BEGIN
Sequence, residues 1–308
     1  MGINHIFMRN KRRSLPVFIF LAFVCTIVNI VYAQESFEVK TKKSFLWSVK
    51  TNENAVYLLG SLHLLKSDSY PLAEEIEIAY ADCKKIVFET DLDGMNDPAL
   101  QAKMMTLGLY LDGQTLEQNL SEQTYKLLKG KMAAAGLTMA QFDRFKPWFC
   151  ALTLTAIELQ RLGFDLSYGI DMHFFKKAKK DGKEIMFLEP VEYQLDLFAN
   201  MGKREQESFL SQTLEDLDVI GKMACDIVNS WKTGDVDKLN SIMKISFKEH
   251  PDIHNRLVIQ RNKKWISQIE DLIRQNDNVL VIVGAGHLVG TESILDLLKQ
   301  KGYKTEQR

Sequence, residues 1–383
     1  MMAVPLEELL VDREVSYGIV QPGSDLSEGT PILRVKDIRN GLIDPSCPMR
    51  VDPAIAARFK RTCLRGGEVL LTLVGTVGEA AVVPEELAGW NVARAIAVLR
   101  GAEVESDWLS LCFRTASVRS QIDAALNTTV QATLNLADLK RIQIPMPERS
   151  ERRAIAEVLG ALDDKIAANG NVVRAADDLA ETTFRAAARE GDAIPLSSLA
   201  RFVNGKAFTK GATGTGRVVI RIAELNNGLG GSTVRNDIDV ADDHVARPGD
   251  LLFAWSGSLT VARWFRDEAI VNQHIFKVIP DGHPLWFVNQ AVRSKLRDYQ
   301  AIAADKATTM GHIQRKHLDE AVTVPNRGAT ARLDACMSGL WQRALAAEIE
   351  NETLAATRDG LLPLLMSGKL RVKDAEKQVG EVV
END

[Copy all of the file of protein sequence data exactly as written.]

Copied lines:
Sequence, residues 1–308
     1  MGINHIFMRN KRRSLPVFIF LAFVCTIVNI VYAQESFEVK TKKSFLWSVK
    51  TNENAVYLLG SLHLLKSDSY PLAEEIEIAY ADCKKIVFET DLDGMNDPAL
   101  QAKMMTLGLY LDGQTLEQNL SEQTYKLLKG KMAAAGLTMA QFDRFKPWFC
   151  ALTLTAIELQ RLGFDLSYGI DMHFFKKAKK DGKEIMFLEP VEYQLDLFAN
   201  MGKREQESFL SQTLEDLDVI GKMACDIVNS WKTGDVDKLN SIMKISFKEH
   251  PDIHNRLVIQ RNKKWISQIE DLIRQNDNVL VIVGAGHLVG TESILDLLKQ
   301  KGYKTEQR

Sequence, residues 1–383
     1  MMAVPLEELL VDREVSYGIV QPGSDLSEGT PILRVKDIRN GLIDPSCPMR
    51  VDPAIAARFK RTCLRGGEVL LTLVGTVGEA AVVPEELAGW NVARAIAVLR
   101  GAEVESDWLS LCFRTASVRS QIDAALNTTV QATLNLADLK RIQIPMPERS
   151  ERRAIAEVLG ALDDKIAANG NVVRAADDLA ETTFRAAARE GDAIPLSSLA
   201  RFVNGKAFTK GATGTGRVVI RIAELNNGLG GSTVRNDIDV ADDHVARPGD
   251  LLFAWSGSLT VARWFRDEAI VNQHIFKVIP DGHPLWFVNQ AVRSKLRDYQ
   301  AIAADKATTM GHIQRKHLDE AVTVPNRGAT ARLDACMSGL WQRALAAEIE
   351  NETLAATRDG LLPLLMSGKL RVKDAEKQVG EVV